Some might argue that the heart of technical editing is grammar and syntax, but I believe the heart of technical editing is at the most minute level of terminology. Every word that we choose to write carries very specific meaning, and as arbiters of quality, technical editors must make every word count. Choosing to add or delete a word from a sentence is critical, but choosing the most accurate word is crucial.
Let’s look at the words “may” and “can,” and how crucial even just this simple word is to technical communication. The Copyediting tip of the week recently was about the grammatical and semantic nuances of these words. Most style guides include specific advice on when and how to use these words. Most fall in line with the advice that “may” is used to suggest “allowed to” and “can” is used to suggest “ability to.”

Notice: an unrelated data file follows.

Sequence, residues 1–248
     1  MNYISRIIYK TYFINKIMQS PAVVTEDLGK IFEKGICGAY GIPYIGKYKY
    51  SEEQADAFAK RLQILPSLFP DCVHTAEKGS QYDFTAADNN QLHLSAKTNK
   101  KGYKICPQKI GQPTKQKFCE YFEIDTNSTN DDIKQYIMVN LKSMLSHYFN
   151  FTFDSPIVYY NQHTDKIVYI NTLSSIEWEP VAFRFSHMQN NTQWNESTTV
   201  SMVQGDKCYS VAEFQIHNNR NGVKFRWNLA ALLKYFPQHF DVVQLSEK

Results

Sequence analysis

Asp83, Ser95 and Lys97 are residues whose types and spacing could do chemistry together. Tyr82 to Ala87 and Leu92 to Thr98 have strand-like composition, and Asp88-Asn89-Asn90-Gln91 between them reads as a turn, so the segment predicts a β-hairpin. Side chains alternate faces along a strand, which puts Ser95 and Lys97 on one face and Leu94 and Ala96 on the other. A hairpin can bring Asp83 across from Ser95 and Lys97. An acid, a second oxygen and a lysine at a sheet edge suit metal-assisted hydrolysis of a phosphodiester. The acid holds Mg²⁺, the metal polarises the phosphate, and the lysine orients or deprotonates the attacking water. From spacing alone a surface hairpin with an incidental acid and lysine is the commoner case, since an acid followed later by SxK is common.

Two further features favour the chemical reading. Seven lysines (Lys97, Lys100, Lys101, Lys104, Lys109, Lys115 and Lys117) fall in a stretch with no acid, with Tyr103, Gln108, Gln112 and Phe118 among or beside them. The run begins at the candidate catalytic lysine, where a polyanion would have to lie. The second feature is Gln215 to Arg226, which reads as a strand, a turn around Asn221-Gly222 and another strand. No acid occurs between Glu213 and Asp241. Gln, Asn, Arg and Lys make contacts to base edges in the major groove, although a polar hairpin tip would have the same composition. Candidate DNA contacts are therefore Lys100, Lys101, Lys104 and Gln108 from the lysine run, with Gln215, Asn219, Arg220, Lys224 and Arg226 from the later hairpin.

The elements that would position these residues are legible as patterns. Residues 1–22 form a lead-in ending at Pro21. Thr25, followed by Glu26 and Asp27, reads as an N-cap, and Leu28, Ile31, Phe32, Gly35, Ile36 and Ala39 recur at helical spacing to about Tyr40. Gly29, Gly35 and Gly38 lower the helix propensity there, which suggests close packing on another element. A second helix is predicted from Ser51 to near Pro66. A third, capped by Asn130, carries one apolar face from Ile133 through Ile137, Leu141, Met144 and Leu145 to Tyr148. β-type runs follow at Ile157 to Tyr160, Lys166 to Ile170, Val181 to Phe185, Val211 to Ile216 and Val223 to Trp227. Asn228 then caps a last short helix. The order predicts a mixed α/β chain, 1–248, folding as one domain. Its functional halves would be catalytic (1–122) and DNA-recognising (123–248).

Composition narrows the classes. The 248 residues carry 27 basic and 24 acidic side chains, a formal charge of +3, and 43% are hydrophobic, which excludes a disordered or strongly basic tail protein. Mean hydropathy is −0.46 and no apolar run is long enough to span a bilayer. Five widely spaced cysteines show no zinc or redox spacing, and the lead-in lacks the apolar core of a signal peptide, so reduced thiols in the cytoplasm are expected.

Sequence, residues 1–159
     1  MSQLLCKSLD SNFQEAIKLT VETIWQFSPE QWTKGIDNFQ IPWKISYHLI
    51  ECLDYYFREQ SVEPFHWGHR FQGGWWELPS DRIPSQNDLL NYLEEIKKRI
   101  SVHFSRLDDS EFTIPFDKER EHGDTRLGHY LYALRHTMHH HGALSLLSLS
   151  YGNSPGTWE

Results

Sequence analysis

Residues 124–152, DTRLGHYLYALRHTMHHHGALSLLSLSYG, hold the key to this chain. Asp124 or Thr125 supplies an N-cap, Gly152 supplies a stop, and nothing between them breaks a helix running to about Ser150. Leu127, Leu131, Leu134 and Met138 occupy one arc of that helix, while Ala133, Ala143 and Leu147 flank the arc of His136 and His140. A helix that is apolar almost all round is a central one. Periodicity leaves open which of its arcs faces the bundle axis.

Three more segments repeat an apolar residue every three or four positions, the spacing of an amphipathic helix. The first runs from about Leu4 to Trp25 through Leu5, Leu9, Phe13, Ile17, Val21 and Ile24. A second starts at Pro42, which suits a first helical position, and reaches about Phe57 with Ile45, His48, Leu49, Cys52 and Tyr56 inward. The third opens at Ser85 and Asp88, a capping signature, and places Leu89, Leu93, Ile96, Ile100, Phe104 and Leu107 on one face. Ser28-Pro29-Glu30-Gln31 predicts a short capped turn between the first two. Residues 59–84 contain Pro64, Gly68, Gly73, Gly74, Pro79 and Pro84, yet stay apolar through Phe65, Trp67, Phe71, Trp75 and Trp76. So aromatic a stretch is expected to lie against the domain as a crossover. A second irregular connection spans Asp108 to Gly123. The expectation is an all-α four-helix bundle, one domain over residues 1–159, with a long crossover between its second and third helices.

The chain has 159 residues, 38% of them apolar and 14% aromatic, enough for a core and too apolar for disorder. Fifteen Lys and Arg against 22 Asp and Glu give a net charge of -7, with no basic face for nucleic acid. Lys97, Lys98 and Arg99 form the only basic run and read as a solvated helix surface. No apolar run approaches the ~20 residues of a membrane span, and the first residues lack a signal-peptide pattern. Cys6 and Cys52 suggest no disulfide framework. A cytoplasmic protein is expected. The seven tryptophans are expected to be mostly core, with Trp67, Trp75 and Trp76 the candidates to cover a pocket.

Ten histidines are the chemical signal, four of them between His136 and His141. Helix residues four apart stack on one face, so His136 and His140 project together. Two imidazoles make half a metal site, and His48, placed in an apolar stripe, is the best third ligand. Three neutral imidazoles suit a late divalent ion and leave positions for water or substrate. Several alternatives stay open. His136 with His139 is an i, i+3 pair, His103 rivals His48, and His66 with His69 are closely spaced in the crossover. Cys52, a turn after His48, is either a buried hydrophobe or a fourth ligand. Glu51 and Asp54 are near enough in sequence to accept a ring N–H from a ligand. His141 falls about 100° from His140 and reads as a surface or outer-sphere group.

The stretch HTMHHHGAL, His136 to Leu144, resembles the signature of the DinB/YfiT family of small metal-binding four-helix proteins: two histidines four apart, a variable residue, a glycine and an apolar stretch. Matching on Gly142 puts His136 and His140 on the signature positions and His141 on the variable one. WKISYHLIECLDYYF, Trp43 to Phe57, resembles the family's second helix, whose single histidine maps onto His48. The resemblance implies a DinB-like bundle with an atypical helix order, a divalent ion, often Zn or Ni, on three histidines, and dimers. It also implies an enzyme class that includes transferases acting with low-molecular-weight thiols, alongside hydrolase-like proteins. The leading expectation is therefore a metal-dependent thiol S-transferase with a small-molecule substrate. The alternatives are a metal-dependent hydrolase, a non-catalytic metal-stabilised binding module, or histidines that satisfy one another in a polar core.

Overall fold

Seems simple enough, but consider this post from the Language Log about “may cause” versus “can cause” in scientific writing. It seems as though a trend is emerging that suggests “graded degrees of empirical support and epistemic strength,” with “can cause” suggesting stronger empirical support for a statement than “may cause.” Technical editors must follow these trends and apply these nuances to their work.
Consider another example that my husband and I heard on the news the other day: Flight crews reported that they found an “unidentifiable substance” in an airplane bathroom. What they should have said was “unidentified,” especially since the haz-mat team later identified the substance as talcum powder. By using the wrong form of the adjective, they made an inaccurate statement about the substance that they found. Perhaps you might argue that at that time, in their experience, it was unidentifiable. However, I’d argue that their statement was incorrect and caused even more of a news story than was really warranted.
I am sure that numerous other examples from our own work to the world around us where one word makes all the difference.